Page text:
I'm working on a non-fiction project called Bohemian Forgiveness: Five Unconventional Paths to Forgiving What You'll Never Forget. There's not much to see on the Facebook page for now but it will come, and I'll be sure to keep you posted.
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First, He told her what He saw in her heart, but without judgment. He understood why she lived the way she did, and so he validated her.
Next, He explained to her about living water. I don't get the sense that her mind fully grasped what was spoken as much as her heart fully grasped the Speaker. Which is why I will go to my grave proclaiming that it is the unadulterated presence of God that transforms us. A genius I.Q. is not necessary to receive divine comfort.
The validation and comfort he'd offered left the woman so hopeful that she left her waterpot, went her way into the city, and said to the men, "Come see a Man who told me all things I ever did. Could this be the Christ?" Then they went out of the city and came to Him. (4:28-30).
She left her waterpot. It's not like she had a fridge full of bottled water at home. He equipped her to live without what she'd previously believed she needed to survive.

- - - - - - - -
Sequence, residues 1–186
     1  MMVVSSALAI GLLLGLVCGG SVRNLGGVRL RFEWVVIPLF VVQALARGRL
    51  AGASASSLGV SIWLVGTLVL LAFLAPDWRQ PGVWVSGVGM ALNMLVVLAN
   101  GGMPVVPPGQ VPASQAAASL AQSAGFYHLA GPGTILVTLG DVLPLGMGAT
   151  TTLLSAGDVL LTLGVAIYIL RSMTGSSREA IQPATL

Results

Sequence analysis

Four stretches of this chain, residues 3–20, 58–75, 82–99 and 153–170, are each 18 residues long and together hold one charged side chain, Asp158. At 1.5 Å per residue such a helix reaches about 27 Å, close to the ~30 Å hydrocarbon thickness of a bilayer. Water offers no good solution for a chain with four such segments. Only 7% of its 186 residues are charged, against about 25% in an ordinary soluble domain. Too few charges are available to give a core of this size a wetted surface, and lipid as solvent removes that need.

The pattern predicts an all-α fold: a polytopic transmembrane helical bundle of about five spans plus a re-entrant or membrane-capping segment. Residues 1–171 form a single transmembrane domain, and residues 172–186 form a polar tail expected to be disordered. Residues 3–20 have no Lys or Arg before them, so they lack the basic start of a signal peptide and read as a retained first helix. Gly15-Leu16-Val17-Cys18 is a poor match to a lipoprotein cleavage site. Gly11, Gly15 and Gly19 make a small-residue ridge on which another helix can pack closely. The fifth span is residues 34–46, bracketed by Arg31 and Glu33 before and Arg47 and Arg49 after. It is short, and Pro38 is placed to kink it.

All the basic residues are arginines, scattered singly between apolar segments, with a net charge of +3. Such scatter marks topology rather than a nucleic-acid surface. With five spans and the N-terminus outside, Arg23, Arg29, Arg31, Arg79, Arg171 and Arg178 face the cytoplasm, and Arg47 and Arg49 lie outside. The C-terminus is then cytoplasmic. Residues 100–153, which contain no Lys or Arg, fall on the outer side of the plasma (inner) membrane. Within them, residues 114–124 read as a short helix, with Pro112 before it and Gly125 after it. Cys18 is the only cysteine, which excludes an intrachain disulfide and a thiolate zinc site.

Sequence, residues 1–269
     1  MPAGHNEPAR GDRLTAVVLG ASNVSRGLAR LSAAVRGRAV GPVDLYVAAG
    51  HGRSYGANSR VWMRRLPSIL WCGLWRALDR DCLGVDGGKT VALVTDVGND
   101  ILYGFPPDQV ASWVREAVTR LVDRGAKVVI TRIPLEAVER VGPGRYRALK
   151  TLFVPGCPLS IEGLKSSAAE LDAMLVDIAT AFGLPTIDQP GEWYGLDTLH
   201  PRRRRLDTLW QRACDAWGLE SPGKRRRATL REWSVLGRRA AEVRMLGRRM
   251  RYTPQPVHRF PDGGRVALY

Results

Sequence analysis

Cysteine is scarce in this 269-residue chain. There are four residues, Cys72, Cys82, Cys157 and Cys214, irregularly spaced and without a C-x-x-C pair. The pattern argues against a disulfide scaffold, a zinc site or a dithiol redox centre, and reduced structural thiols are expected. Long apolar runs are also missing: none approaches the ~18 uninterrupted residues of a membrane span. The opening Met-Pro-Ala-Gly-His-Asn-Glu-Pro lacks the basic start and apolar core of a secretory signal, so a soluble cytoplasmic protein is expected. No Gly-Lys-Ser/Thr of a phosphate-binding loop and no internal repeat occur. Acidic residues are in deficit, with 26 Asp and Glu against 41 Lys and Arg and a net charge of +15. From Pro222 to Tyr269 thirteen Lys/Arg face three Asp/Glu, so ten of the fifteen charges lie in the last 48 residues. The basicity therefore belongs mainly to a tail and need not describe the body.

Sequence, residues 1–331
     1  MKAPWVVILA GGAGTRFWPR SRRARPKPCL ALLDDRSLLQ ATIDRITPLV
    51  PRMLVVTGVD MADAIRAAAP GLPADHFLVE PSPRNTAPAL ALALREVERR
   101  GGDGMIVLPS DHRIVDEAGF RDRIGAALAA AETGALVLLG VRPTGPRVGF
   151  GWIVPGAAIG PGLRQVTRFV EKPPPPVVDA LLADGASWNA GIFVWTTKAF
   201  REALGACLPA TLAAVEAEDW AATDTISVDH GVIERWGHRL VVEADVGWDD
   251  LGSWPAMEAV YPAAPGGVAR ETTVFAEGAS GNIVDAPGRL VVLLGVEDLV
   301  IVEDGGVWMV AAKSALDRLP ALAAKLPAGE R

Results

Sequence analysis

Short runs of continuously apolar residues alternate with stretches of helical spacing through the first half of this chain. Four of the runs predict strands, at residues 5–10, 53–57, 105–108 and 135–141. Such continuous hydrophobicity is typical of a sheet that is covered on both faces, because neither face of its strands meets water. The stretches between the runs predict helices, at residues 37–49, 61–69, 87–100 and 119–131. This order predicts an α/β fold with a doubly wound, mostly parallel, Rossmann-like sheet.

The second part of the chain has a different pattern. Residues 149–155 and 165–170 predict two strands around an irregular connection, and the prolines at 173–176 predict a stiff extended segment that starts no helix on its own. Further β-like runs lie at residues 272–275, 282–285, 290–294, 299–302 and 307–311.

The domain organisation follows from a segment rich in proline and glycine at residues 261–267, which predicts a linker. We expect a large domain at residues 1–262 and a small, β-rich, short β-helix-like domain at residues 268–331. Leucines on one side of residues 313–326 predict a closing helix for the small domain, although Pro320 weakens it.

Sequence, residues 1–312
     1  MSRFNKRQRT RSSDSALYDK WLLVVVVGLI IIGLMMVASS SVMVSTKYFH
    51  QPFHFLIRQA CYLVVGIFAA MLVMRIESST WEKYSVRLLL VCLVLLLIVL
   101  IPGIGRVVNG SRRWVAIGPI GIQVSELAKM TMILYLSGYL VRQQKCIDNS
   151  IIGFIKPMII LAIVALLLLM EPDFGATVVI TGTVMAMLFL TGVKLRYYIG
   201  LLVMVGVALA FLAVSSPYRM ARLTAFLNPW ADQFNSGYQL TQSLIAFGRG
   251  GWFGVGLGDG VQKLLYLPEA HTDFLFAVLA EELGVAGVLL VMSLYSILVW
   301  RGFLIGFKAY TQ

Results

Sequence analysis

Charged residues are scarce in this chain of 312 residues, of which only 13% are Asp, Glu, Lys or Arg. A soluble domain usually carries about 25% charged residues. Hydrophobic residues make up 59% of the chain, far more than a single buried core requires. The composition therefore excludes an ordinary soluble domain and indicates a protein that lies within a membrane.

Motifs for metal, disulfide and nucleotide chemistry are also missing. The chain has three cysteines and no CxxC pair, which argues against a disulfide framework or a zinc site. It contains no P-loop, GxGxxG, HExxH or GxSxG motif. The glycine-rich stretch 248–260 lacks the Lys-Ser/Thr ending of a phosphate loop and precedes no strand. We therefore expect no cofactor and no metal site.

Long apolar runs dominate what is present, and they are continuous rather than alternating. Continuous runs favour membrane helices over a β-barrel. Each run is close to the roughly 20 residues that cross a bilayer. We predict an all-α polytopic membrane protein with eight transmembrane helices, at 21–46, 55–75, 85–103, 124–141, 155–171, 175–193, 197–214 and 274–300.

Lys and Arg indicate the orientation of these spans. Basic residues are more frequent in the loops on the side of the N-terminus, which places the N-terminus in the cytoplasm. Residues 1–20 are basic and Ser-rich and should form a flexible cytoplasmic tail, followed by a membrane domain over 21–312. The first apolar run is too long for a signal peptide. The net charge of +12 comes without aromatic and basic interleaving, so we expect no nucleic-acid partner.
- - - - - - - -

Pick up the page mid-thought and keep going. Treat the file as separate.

This set a restoration process in motion that would actively restore her honor. She said to the men, "Come and see..." And her story was so compelling that they followed her counsel. Christ used a woman with no honor to be honored.
Amazing! I've often wondered why we aren't given the name of the woman at the well. The longer I follow Jesus, the more inclined I am to believe that she remained nameless in order to represent the masses--you and me.
Exercise: Schedule some time ALONE with Jesus everyday and take an empty waterpot with you. Set it at His feet. Talk, or don't talk. Cry. Have a fit. Whatever you need to do. And then receive. Allow Him to pour into you the same way He poured into our friend at the well.
What, I wonder, will you be inspired to "go and tell" others.
We're in good company!
Published on Tuesday, March 18, 2014 @ 11:42 AM CDT